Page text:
Thursday, November 8, 2007

Magner's Irish Film Festival THIS WEEK!

Give it to the Irish to name a film festival after an alcoholic beverage! Don’t get me wrong, I love the Irish, I love Magner's and I love movies. I’ve been to Ireland twice and well, Magners (or Bulmer's as it’s known in the green country) was my life blood when I was abroad. But there is obviously more to the Irish than sheep, rolling hills and their boozing habits and they showcase it in their cinema. This year’s Magner’s Irish Film Festival begins today and runs until November 11. The festival offers viewings of today’s most contemporary Irish and Irish-related films.

The festival (BIFF) was founded in 1999 by Jim Lane and Peter Flynn, two Emerson College colleagues. Flynn has remained the director of the festival to this day. Irish at heart, an in genetics, Flynn is a native of Dublin and graduated from the University College of Dublin in 1994 with an MA in Film Studies. He is now a professor at Emerson College, teaching classes in film and history.

According to the Boston Irish Film Festival website:

“Increasingly filmmakers from Ireland and the Irish Diaspora are turning to the visual media arts to express themselves and their culture. Within the last ten years alone Irish cinema has emerged as a dynamic global phenomenon, expressing a culture focused on the island of Ireland but spread out to all four corners of the globe.”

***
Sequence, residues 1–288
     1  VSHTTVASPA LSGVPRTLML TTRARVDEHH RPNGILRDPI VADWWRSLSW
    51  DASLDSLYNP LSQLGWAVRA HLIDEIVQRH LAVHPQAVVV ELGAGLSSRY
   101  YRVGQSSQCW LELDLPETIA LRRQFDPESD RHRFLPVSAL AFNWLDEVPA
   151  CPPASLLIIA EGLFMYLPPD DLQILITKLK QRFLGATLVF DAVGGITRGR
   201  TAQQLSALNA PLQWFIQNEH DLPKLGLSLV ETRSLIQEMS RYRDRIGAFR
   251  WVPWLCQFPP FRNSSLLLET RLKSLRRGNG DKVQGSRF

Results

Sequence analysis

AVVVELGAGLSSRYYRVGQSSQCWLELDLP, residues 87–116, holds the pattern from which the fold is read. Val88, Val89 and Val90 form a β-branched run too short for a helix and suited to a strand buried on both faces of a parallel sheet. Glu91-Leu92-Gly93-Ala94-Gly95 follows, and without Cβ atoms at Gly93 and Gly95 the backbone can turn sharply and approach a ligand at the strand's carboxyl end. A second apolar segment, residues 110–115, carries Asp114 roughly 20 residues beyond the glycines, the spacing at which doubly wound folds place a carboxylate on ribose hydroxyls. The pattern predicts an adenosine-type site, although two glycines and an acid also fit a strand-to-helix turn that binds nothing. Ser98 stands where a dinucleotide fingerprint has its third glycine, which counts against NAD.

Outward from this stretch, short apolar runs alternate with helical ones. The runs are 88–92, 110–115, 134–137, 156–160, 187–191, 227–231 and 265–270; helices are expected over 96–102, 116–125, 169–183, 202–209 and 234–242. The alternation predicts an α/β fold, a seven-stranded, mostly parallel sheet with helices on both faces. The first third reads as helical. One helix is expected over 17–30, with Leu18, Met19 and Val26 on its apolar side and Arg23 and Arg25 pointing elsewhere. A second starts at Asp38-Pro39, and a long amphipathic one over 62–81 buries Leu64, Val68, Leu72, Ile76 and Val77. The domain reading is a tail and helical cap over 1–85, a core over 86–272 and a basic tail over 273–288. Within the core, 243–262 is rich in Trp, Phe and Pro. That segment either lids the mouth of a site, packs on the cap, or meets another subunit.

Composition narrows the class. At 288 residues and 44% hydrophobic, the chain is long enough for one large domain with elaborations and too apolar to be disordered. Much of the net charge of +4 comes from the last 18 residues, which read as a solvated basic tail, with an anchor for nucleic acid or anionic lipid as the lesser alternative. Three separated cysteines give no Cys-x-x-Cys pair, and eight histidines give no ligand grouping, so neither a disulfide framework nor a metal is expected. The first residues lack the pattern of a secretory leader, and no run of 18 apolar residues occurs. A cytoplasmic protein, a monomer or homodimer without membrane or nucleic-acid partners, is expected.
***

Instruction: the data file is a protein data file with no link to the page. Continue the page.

In 2003 BIFF began an awards ceremony to accompany the film showings which celebrated the work of the great filmmakers.

This year, the festival is giving its Excellence award, which acknowledges the achievements of a particular actor in the Irish film and television industry. This year’s honoree is Aidan Quinn, who is known for his roles in contemporary American film and television as well as keeping to his roots in exclusive Irish movies. He has been featured in such American films as Desperately Seeking Susan, Legends of the Fall, and Music of the Heart. Head over to the Brattle Theater in Cambridge tonight at 7 pm, where they will be honoring Aidan Quinn and showing his Irish film Song For a Raggy Boy.

This year’s BIFF Award Winners are listed on the website. The best feature for this year is entitled The Front Line. This film was written and directed by David Gleeson. It follows the life of Congo immigrant, Joe Yumba, who moves to Dublin. He has escaped a life of civil war and crime with his loving family. Everything seems to be going fine until he is forced to become involved in a bank robbery scheme. They will be showcasing this feature tomorrow night at the Harvard Film Archive at 7 pm. Admission is $10.

Each winner’s film will be screened during the festival. Filmmakers representing each film will be present to accept the award and answer questions from audiences.

To see a detailed schedule of films and workshops see here.

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